But you'd better believe that the next time I go on a long trip, I'll take an equal amount of pleasure in downloading weeks' worth of reading onto a slim device that only weighs a few ounces.

Thursday, December 9, 2010

Cartoon meme followup

So, in the last post I described the cartoon-character meme that swept Facebook last weekend, and mentioned that the alleged  "purpose" of using a cartoon image as one's profile picture was to raise awareness about child abuse.  Specifically, the standard phrasing of the call to change one's profile picture, which people posted as their status after they changed their picture, went something like this:
Change your FB profile picture to a cartoon from your childhood. The goal? To not see a human face on FB until Monday, December 6th. Join the fight against child abuse...copy & paste this to your status to invite your friends to do the same.
Something about that last sentence, as I said, "set my folklore antennae a-wigglin'." 

Well, sure enough, yesterday Tom showed me a second "plea" that one of his former students had posted as her Facebook status later in the weekend (apologies for the dreadful grammar, but this is exactly as it appeared):

CHANGE YOUR PROFILE PICS BACK!!!! - This cartoon thing has been set up by a pedafile using a registered charities name to entice kids. apparently on the 6th dec you will be kicked off fb if u have cartoon pics. The more folk that put up cartoon pics the harder it is ...for the police to...catch .......these sickos!!!!! PLEASE RE-POST It was on this evenings news.

Classic!  The strange connection between cartoon characters and child abuse clearly struck some folks as suspicious, giving rise to this "explanation."  

The "it was on this evening's news" phrase is straight out of traditional urban legendry--the old "I know it's true because it was on TV/in the paper" truth claim.  And the threat at the end--"change your pic back or you'll get booted from Facebook"--echoes the trend in e-mailed legends to ensure that the recipient forwards them to others with a menacing guilt trip:  "If you care about the women in your life, you'll forward this to everyone you know!!!"  In this case, though, if you don't post this as your status, apparently it's your own damn fault if all your friends disappear from Facebook.

I know I'm a total geek, but I was delighted to see this.  More evidence that folklore is infinitely adaptable to new contexts.

And yes, it's on Snopes.  Grrr.

Tuesday, December 7, 2010

Penelope Pitstop revisited

This past weekend, Facebook was overtaken by a meme asking members to change their profile pictures to an image from their favorite childhood cartoon.  This was allegedly in an effort to spread awareness about child abuse--the kind of oddly illogical justification that always sets my folklore antenna a-wigglin'.

Regardless of the alleged purpose, it was fun to see what cartoons people chose...and how generationally defined they were.  Among the FB friends I know to be about my age, Bullwinkle, Underdog, Josie and the Pussycats, and Velma from Scooby Doo were especially popular. 

I myself went with Penelope Pitstop.  I have only vague memories of this cartoon, since--as I discovered from that veritable source, Wikipedia--it was only on for one year, in 1969, when I would barely have been four (the show was a spinoff from another Hanna Barbera cartoon, Wacky Races).  All I can figure is it must've been in reruns for awhile after that, because I certainly remember Penelope and her car, a pink roadster that doubled as a makeup compact.  I am embarrassed to say it, but I suspect I did some serious gender imprinting on Penelope.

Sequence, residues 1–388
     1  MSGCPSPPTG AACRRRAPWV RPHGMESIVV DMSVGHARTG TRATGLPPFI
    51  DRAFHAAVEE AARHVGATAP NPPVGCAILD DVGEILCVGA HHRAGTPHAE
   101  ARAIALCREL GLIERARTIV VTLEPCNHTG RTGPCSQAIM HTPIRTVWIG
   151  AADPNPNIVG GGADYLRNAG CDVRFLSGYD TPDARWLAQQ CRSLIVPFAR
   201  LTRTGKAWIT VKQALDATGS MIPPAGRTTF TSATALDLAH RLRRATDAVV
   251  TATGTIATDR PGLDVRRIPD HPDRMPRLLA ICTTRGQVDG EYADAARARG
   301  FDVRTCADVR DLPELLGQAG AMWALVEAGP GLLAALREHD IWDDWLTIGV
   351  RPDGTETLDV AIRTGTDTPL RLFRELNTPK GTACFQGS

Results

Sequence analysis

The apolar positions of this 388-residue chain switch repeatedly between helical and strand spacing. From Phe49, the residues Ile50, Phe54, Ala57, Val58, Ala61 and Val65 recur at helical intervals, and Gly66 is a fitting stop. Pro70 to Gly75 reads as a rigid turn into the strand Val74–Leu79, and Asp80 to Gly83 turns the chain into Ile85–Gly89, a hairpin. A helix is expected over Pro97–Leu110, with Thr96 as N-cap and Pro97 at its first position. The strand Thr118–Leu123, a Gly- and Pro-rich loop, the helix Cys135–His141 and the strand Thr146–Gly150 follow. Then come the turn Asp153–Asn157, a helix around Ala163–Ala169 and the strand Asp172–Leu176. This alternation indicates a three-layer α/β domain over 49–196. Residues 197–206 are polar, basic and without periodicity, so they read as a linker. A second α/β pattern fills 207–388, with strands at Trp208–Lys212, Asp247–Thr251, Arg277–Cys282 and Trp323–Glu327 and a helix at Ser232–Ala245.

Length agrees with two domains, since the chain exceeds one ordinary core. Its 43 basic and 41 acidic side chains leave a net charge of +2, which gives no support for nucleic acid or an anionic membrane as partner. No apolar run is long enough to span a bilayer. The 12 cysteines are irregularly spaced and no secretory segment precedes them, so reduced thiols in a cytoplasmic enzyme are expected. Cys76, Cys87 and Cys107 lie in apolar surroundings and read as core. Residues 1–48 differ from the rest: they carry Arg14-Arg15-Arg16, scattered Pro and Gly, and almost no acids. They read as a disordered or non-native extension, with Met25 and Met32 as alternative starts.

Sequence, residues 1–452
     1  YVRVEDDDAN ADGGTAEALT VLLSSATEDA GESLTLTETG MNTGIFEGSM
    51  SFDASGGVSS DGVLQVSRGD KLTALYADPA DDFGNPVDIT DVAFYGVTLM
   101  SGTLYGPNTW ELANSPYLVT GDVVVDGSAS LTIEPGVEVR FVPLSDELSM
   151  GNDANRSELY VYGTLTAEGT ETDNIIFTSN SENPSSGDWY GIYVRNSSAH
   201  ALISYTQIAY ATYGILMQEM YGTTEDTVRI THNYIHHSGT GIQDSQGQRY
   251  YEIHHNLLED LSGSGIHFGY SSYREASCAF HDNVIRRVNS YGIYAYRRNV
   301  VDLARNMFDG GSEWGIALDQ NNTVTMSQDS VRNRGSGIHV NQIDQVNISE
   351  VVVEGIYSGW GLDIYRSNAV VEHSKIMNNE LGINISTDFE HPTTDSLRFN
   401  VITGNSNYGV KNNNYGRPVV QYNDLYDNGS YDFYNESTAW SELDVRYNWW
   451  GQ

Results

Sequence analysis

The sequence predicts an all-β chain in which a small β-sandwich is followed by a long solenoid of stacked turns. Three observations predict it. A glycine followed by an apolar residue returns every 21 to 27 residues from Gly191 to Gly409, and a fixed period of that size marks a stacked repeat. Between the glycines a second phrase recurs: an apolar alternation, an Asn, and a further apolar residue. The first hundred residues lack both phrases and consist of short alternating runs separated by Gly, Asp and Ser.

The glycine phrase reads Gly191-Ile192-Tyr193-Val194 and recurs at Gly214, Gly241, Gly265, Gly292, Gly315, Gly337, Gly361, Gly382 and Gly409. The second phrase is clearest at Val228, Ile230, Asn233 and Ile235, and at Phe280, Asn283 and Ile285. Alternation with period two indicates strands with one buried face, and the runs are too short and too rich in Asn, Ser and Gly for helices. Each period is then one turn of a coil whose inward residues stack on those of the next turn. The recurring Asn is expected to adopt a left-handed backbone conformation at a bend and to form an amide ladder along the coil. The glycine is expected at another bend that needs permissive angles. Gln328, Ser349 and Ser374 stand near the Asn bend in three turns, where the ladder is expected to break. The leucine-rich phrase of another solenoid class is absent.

That Hanna Barbera chose to give Penelope her own show seems apt given the 1969-1970 airdate.  However, Penelope is a dubious feminist "she-ro."  As the show's introduction explains, she's in "perpetual peril from her fortune-seeking guardian, Sylvester Sneakly, who--unknown to her--is really The Hooded Claw!"  And she depends on the help of her "ever-present protectors, the Anthill Mob," a troupe of seven little men who come to her rescue whenever The Hooded Claw ties her to the traintracks, or to a log floating toward a sawmill, or whatever. 

(Hadn't considered the Snow White connection with the seven dwarf rescuers, but it's clearly there.  Maybe that was part of the show's appeal for me?)

As unlikely a feminist role model as all of this makes Penelope out to be, there was nevertheless something deeply thrilling about her.  She raced cars (which my oldest brother also did, much to my admiration), and her car looked like a cat and was also a rolling makeup kit!  Plus, she wore awesome white go-go boots and jhodpurs.  However, she wasn't such a slave to fashion that she allowed style to cripple her, as the clip below illustrates:



As cool as the boots were, Penelope knew when to ditch them in order to save her own hide, and those of the Anthill Mob.  As she says here, she's going to "save the fellas, as well."

All things considered, there were a lot worse cartoon characters I might have imprinted on as a kid.  I'd pit Penelope against Disney's lame-o Princesses any day.  With those boots, she could kick any of their asses from one end of the Magic Kingdom to the other and then drive them all to the hospital in the Compact Pussycat.